Are We Overreacting to Coronavirus?

This article goes into detail about how human brains calculate risks in times of crises, such as the pandemic we are all currently experiencing. In passing, it addresses the mechanisms of memory (recency effect, Von Restorff effect, self-relation effect) on how people are reacting to the coronavirus. It uses these aspects of memory to argue that many people are overreacting to the virus, overestimating the threat it poses to them as individuals.
There are many biases that can influence memory. Three of these effects, briefly mentioned in the article, are the recency effect, Von Restorff effect, and self-relation effect. The recency effect is the prevalence of recently learned information in the working memory – the more recently we heard it, the easier it is to remember. The Von Restorff effect describes how an unusual item or occurrence may stick out more in the working memory, because it is abnormal. Examples from the article include the deaths of young individuals from COVID-19. The last effect, self-reference, refers to the prevalence of information that has some relation to oneself – for example, if an individual you knew passed away from COVID-19.
While the author backs up his argument with reputable sources, I do not agree with his overall message. Based off of CDC warnings and the statistics from countries around the world, I personally believe that people are not overreacting to the threat posed by the coronavirus. As a matter of fact, I would argue that until recently, a considerable number of Americans have not known many individuals who passed away from the virus, which has led to people not taking the warnings seriously enough. If he was making this argument with regards to supply hoarding, I would completely agree but he does not explicitly make this point in the article.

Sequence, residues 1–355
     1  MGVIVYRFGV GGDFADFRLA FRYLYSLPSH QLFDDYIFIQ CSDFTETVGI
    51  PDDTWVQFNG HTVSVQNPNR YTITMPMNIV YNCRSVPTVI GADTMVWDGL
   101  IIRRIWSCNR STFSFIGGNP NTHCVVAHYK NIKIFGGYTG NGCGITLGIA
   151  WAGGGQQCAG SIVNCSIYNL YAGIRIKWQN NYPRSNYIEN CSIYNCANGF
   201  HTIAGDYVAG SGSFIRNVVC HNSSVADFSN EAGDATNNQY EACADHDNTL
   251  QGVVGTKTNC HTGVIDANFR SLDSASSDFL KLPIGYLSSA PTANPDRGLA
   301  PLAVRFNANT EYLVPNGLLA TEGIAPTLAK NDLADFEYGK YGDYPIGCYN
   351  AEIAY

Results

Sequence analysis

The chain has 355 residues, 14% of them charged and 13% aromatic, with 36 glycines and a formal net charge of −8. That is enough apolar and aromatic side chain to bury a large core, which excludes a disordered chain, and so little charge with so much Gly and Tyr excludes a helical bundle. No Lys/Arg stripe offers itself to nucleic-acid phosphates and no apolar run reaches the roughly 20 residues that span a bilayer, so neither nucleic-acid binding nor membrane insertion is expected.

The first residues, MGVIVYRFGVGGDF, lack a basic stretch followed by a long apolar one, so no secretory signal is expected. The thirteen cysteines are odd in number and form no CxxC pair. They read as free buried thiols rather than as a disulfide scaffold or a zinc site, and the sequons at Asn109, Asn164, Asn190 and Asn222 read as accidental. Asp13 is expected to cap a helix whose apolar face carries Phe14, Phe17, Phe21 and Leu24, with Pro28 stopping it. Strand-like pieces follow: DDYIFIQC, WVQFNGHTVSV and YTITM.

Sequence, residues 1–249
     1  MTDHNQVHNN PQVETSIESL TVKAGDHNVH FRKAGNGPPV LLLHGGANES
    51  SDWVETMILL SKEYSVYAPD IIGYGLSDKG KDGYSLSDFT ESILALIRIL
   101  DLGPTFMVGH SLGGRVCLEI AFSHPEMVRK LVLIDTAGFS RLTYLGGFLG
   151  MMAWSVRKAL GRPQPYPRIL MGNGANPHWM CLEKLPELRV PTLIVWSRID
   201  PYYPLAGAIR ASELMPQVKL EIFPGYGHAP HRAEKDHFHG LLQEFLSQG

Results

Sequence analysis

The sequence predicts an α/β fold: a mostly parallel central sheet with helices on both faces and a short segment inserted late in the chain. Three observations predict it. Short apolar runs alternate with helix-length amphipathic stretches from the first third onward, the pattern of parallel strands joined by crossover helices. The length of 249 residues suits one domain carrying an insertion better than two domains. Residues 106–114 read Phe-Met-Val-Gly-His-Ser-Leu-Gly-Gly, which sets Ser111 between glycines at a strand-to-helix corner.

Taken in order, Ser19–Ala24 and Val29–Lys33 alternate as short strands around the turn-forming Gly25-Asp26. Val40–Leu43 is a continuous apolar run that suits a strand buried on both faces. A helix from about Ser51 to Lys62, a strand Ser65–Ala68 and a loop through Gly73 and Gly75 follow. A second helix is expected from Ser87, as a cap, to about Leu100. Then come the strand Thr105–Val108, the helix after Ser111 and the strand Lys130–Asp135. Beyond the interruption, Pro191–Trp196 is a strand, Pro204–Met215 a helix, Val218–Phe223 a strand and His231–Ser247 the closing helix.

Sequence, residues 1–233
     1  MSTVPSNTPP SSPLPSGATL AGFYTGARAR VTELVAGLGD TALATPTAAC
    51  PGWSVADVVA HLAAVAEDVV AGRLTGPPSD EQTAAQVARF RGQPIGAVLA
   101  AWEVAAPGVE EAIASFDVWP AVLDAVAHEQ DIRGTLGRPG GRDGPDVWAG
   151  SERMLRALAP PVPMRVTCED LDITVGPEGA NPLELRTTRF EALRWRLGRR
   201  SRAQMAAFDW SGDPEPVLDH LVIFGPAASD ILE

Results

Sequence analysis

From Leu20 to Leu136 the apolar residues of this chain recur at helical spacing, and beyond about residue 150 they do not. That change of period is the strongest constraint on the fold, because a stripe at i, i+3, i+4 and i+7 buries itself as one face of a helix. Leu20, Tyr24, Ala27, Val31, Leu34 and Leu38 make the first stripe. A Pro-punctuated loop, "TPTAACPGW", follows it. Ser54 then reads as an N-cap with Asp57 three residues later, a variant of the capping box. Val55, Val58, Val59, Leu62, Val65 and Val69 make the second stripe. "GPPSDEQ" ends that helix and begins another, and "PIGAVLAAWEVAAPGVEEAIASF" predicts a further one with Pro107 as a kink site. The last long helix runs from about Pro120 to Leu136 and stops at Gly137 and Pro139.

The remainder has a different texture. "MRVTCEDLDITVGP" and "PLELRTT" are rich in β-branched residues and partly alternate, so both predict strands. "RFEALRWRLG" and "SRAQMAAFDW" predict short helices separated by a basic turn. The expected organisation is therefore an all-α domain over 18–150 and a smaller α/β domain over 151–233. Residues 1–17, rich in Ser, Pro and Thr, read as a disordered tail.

2 thoughts on “Are We Overreacting to Coronavirus?

  1. wharris2

    Even though I have not read the article, I would have to agree with your standpoint on the importance of taking the Coronavirus as seriously as possible. I hope that this notion of “overreacting to Coronavirus” doesn’t continue and that as a society we can flatten the curve. Before reading your blog post I had never heard of the Von Restorff effect but I can understand now why an unexpected occurrence would stick out more in my working memory.

  2. mhart2402

    I say it’s both extremes and no real middle ground. People are either overreacting to the Coronavirus or completely under reacting and not taking it seriously enough. The ones who are overreacting are the ones you see claiming this is the apocalypse, buying up every single bit of toilet paper, paper towels, bottled water, big jugs of water, canned goods, dry goods, etc. And the ones who are under reacting are the ones still partying down in Miami Beach or going to liquor stores every day as part of their typical Tuesday afternoon ritual. The main issue honestly are the ones that aren’t taking it seriously enough and are just casually gallivanting out as if there’s not an airborne virus amongst us, and it’s for that reason it’s likely to take even longer for this entire thing to get resolved.

    I’m definitely trying to be a part of the middle ground and not giving into the obvious panic that some people are in, but I’m not trying to be casual about it either. I acknowledge that there is a serious issue going on, but I’m trying to just live my life normally to the best of my ability. There are a lot of outside extenuating factors that make this a lot harder for people to try and go about a “normal day” though, and that probably just has a lot to do with how “people” act versus how an individual acts.

    “A person is smart. People are dumb, panicky dangerous animals and you know it.” Yes, that’s a quote from Men in Black but it’s shockingly accurate social commentary that is very accurate with how things are going as of late.

Comments are closed.